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Questions to carriers and small claims can cost you big

Questions and small claims can cost you.
Questions and small claims can cost you.

What most people don’t know is that with many insurance carriers, actually talking to them about small claims or even potential claims can cost you. Why?

It’s all about the risk.
Insurance companies are always looking for ways to manage risk. They actively look at profiles of their customers to help determine who is more likely to be a higher risk to them for claims. If they consider you a higher risk, that may mean higher premiums, getting dropped or even being unable to get coverage from certain carriers. So what does that have to do with asking questions of my carrier?

Questions can be harmful.
Here’s a scenario: you have windstorm and it causes a little issue at your home. You call your carrier directly and discuss if that type of thing is covered. With some carriers, this may be recorded and treated the same as actually filing a claim. “Ask questions carefully, and try not to call the company. If you need to call your insurance company, don’t talk about any damage to your property unless you are going to file a claim. In some states, calling your insurance company to ask about making a claim may be treated the same as a property loss. Know what your homeowners insurance policy covers and the deductible. Remember, do not call your insurance company unless you plan to file a claim and know your losses will be covered.”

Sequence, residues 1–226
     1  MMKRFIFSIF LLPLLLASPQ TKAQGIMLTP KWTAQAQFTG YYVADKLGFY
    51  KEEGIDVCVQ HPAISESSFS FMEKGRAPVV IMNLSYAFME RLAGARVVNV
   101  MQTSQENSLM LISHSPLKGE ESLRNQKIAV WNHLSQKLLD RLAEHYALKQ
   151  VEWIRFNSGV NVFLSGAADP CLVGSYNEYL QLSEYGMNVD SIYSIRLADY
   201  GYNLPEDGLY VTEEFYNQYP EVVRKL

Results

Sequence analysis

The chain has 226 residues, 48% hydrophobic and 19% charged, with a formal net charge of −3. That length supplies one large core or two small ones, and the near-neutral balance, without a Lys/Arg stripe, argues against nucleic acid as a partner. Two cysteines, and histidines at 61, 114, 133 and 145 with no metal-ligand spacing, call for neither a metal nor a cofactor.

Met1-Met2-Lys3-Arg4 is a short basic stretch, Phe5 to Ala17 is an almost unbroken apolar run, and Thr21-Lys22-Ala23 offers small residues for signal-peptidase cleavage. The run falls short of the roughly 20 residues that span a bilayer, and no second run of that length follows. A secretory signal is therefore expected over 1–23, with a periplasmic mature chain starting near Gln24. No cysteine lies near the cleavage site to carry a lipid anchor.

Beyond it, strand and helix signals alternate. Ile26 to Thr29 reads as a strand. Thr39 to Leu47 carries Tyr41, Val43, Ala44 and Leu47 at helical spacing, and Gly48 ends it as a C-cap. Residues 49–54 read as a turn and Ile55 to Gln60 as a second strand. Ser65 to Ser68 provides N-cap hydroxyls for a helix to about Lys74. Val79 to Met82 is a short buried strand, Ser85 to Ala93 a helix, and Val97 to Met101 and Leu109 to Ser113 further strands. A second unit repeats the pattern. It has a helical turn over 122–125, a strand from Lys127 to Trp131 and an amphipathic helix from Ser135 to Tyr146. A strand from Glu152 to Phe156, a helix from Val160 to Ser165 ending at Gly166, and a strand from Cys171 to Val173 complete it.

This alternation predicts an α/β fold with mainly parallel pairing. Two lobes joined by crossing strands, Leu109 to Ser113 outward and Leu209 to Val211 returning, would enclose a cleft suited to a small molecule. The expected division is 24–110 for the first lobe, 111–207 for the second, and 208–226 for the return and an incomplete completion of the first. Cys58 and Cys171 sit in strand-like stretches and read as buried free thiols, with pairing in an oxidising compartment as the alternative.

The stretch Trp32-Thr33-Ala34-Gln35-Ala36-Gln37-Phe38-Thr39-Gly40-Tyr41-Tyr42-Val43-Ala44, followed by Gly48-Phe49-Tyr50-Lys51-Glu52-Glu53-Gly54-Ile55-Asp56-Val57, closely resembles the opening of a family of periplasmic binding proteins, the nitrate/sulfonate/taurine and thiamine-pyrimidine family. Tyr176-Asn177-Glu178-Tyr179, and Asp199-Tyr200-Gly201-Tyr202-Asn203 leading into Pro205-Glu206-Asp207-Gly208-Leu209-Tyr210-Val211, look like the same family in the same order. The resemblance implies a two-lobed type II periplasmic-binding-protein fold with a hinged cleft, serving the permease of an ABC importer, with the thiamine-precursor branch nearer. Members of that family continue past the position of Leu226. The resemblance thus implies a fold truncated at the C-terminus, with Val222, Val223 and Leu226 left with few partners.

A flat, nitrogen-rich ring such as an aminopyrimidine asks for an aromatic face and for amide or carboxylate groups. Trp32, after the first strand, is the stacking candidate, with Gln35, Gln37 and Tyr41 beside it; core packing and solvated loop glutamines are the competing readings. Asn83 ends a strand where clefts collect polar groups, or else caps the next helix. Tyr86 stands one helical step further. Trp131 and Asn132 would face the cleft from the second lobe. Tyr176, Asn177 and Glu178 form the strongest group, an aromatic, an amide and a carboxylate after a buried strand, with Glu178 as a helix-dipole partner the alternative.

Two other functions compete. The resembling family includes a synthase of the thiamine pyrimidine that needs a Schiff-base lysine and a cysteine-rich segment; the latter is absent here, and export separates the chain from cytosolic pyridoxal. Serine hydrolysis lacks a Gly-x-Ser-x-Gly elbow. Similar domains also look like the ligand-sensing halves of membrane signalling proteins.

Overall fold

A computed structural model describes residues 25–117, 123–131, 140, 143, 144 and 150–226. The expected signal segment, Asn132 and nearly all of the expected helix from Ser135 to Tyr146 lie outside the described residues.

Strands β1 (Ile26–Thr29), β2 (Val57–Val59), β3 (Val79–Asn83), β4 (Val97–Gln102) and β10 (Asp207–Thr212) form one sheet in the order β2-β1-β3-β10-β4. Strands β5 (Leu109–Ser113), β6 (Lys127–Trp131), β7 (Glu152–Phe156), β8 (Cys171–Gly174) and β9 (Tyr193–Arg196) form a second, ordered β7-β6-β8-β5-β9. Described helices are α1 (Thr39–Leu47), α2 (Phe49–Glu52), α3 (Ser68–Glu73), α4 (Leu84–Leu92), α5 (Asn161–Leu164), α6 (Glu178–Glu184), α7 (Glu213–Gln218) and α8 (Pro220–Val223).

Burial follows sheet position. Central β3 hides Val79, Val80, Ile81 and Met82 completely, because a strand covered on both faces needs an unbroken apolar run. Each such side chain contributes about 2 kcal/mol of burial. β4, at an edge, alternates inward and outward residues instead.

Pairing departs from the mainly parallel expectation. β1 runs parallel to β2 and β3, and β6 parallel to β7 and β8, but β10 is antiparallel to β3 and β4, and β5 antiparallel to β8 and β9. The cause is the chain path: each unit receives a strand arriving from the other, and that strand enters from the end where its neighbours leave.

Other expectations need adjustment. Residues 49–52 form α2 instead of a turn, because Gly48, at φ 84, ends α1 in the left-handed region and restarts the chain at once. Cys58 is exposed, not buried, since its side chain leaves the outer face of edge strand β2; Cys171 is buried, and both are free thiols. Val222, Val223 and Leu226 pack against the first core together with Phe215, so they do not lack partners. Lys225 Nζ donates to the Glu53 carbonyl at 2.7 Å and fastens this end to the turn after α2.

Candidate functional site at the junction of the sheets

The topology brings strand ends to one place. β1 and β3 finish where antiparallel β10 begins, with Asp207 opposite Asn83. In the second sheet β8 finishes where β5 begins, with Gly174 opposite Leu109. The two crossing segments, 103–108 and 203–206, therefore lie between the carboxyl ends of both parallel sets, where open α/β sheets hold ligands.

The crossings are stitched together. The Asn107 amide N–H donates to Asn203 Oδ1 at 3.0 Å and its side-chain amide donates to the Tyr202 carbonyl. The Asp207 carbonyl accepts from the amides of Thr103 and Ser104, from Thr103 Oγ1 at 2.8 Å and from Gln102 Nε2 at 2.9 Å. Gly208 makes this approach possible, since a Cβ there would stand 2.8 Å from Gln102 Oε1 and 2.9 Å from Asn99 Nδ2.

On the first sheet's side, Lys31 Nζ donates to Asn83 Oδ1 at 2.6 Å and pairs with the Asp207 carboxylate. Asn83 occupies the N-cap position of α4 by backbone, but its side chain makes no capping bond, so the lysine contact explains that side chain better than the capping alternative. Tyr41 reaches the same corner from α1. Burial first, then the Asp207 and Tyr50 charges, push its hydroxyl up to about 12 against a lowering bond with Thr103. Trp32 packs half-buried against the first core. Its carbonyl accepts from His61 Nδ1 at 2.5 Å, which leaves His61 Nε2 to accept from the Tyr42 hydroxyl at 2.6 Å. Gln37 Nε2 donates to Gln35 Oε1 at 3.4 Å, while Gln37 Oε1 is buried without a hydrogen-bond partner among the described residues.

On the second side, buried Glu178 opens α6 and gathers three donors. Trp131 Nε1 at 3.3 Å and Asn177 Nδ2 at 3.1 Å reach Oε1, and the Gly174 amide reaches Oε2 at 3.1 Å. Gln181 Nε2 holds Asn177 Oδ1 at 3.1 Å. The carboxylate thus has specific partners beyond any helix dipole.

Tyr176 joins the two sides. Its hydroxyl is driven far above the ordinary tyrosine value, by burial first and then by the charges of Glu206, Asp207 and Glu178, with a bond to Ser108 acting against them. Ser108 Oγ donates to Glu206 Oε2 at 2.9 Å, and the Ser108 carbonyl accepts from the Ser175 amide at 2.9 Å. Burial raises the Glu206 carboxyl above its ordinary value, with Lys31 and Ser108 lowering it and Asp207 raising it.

Small Claims- Are they worth it?
You have insurance- so why not use it? Well, there may be more more to that story. First, if you file a lot of smaller claims, the insurer could consider you “higher risk” and may charge you higher premiums on renewal. In some cases, the increased premium amounts over time can be of greater cost to you than simply paying the claim directly. Second, some carriers could actually drop you for too many claims, if they determine the risk to be too high that you are likely to continue to file more claims. Additionally, some carriers may not be willing to insure you at all if they determine you’ve had too many claims, even if they are small.

What do you do?
Know your insurance policy. Know your insurance coverages and deductibles.
Work with an agent who can help educate and support you. They can advise you on the best ways to manage risks.
Consider using the highest deductibles that you can afford. This will reduce your premiums. Set aside this savings to pay for small incidents if they occur.
Speak to your insurance agent to learn more. Or reach out to us and we’d be happy to answer any questions you may have at www.keslarinsurance.com.

Some Sources:
http://www.wsj.com/articles/SB106380332733463200
http://www.illinoislegalaid.org/index.cfm?fuseaction=home.dsp_content&contentid=2136
http://www.uphelp.org/pubs/claim-or-not-claim%E2%80%A6that-question-david-shaffer

Why violating the hands-free driving law is more expensive than you think

Your auto insurance is likely to be impacted by violating the hands-free law
Your auto insurance is likely to be impacted by violating the hands-free law

Today is the first day that NH’s new hands-free driving law takes effect. As most of you have heard, there are stiff penalties for violations. Penalties for violations during a two year span: 

  • 1st Offense $100 fine